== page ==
to the lack of consideration of the personal characteristics
of IM users and the social context of IM communications
such as the position power of the message sender. Gupta
& Li (2008) called for understanding the effect of IM
interruptions in the social context of the communica-
tion. They primarily focused on the objective perfor-
mance of the main task, suggesting that IM messages sent
from the supervisor have greater negative consequence
on the quality of the main task performed by the message
receiver than those from the co-worker.
Our study responds to the call for examining the
interruptive impact of IM within its social context, but
focuses on users’ perception of overall task complexity
and their satisfaction with the multitasking work process.
We posit that the position power of a message sender may
influence the multitasking priority of message recipients
and further adjust their cognitive perception of the task
complexity. At the same time, drawing upon theoretical
perspectives from social psychology (Bluedorn et al.,
1999; Frei et al., 1999; Kaufman-Scarborough & Lindquist,
1999) and organizational behavior (Slocombe & Bluedorn,
1999; Conte & Jacobs, 2003; Conte & Gintoft, 2005; Hecht
& Allen, 2005), the present study further extends this body
of research by incorporating polychronicity, one type of
personal characteristic, into task perception and satisfac-
tion in organization communications. Polychronicity
reflects an individual’s time management orientation and
is the individual’s preference to switch among multiple
tasks within the same time period (Bluedorn et al., 1999).
It is contrasted with monochronicity, a preference for
focusing on only one thing at a time. Neo & Skoric (2009)
called attention to the importance of polychronicity in
examining IM communication although their study did
not find a significant relationship between polychronicity
and students’ preference for social interactions over IM. In
this study, we believe that the introduction of polychro-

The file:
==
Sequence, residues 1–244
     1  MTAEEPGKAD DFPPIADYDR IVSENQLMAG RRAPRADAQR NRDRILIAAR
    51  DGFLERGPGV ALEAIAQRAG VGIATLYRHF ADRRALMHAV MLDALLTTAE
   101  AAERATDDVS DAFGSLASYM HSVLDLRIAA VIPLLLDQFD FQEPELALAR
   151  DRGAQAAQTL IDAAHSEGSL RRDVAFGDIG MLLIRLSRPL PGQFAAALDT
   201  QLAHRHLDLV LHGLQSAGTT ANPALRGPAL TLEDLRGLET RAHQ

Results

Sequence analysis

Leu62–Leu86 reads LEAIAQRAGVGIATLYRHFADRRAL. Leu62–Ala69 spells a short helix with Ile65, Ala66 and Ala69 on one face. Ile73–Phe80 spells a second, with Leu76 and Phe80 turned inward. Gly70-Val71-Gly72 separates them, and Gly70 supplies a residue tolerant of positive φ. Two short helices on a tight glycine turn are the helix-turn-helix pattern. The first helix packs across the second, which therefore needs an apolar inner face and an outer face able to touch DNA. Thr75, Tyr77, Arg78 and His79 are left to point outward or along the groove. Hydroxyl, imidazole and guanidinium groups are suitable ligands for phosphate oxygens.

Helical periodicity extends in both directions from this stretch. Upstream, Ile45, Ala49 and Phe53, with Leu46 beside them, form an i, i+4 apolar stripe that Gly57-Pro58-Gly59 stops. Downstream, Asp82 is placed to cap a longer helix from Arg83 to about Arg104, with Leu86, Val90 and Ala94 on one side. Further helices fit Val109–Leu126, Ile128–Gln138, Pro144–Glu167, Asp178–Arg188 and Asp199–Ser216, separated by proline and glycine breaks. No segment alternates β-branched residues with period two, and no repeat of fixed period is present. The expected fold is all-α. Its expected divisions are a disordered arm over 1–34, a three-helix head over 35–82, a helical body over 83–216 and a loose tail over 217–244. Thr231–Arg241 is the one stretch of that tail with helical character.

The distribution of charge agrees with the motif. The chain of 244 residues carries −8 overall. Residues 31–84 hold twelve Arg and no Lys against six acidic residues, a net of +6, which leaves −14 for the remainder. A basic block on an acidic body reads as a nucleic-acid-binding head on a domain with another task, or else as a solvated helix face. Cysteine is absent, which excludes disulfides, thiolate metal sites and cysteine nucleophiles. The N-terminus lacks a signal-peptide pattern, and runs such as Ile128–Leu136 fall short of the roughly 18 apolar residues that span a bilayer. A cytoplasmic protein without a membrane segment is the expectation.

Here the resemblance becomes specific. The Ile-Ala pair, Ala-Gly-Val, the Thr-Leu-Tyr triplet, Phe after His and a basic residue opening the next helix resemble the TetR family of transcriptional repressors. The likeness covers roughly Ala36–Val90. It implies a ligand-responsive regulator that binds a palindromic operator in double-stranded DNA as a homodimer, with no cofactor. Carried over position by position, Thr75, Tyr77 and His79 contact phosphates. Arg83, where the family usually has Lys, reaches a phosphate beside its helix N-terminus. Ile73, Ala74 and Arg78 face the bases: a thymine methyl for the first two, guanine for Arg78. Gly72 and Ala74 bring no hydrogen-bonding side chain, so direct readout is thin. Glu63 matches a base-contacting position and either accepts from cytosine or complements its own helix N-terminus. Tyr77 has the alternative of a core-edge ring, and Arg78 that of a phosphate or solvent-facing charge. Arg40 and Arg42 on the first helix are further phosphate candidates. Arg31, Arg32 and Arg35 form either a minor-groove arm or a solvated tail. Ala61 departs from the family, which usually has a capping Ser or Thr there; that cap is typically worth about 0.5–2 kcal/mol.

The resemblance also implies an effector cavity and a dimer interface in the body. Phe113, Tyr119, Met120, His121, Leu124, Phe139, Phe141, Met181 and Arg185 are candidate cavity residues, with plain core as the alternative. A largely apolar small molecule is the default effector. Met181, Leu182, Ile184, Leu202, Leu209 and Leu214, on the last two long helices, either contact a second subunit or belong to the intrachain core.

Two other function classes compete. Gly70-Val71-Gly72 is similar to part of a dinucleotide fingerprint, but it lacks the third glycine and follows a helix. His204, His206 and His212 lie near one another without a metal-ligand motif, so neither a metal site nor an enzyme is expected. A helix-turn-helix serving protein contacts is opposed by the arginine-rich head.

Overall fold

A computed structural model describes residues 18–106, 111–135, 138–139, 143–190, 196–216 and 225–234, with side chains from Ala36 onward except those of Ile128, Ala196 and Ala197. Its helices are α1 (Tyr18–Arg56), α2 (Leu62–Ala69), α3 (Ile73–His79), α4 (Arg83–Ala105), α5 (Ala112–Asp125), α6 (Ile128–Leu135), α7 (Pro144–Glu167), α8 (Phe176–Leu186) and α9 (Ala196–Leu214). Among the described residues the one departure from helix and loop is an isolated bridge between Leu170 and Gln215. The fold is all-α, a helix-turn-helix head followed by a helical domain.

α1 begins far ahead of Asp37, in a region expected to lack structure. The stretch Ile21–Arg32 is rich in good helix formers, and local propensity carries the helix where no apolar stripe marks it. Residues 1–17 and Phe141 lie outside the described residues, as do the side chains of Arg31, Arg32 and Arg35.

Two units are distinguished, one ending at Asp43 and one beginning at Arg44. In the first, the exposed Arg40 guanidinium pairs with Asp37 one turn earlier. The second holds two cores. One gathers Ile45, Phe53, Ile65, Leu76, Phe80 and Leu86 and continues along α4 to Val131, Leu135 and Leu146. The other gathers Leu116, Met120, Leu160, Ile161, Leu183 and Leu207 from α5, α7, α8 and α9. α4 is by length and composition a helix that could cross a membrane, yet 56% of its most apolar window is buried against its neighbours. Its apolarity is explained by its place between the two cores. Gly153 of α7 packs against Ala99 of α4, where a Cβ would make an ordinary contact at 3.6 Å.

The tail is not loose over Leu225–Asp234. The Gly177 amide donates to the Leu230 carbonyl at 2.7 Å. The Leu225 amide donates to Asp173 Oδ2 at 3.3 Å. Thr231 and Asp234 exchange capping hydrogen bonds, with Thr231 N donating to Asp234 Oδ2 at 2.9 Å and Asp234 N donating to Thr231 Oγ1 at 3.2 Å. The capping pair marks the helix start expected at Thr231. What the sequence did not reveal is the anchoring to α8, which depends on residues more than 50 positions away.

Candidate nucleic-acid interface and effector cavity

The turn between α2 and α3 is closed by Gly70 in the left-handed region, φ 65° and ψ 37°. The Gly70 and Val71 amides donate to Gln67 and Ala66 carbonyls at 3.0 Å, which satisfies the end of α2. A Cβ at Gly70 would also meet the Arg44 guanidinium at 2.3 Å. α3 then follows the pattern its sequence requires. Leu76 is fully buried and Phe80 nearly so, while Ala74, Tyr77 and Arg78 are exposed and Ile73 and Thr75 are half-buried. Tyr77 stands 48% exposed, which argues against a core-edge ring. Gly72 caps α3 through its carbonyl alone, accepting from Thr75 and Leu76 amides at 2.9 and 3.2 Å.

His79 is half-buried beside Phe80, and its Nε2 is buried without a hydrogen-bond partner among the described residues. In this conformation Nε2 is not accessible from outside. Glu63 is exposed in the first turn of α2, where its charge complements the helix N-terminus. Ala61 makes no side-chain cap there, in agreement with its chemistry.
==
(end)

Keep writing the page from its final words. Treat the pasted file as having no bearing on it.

nicity has clear relevance to understanding the impact of
IM, given the nature of multitasking work environment
employing IM as a supplementary means of communica-
tion. This study also provides insights to practitioners in
organizations deploying IM technology. We suggest that
understanding process satisfaction provides pragmatic
insights into whether employees will accept IM technology
in a voluntary setting and, perhaps more importantly,
help management decide whether and how to deploy
IM successfully in the workplace to increase employee
This paper reports on an empirical study that aimed
to reveal how IM influences users’ perceived task
complexity and satisfaction about the multitasking work
process. Synthesizing relevant prior research, we postu-
late that polychronicity, together with the interruptions
and position power of message senders, influences
message recipients’ perceived task complexity and satis-
faction. Our approach breaks new ground for IM research
because it takes into account the interruptive nature of
IM, personal factors, and social network characteristics.
Three key research questions drove this study: (1) How
do interruptions from IM influence users’ perceived task
complexity and satisfaction? (2) How does polychronicity
of IM users influence their perceived task complexity
and satisfaction? (3) How does polychronicity moderate
the impact of the position power of message senders and
interruptions on IM users’ perceived task complexity or
The remainder of the paper is organized as follows. We
first review the literature and propose our research model
and hypotheses underlying the model. Then we describe
our experiment, followed by a discussion of the findings
of this study. Next, we present implications for theory
and practice derived from these results. The paper
concludes with the limitations of the study and guidance
for future research.
Time, complexity and satisfaction in multitasking
The deployment of IM engenders a multitasking work
environment. Knowledge workers often perform some
main or primary tasks while responding to IM inter-
ruption messages. An individual’s multitasking pre-
ference (i.e., polychronicity vs monochronicity) is
expected to play a role in shaping his or her task
perceptions and satisfaction with the multitasking
work process. In addition, IM technologies incorporate
Exploring the impact of instant messaging Han Li et al140
European Journal of Information Systems
built-in awareness features that often contribute to
higher expectations that recipients will respond imme-
diately, which may increase the interruptive nature of
IM. To achieve a better understanding of the impact of
IM on users’ perceived task complexity and satisfaction
with the multitasking work process, it is necessary to
integrate the literature of interruption and polychronic
communication. In the following subsections, we will
first discuss the subjective task complexity and process
satisfaction as the dependent variables of our model.
Then, we will give an overview of the theoretical
foundations of interruption and polychronic commu-
nication and elaborate the impact of interruptions and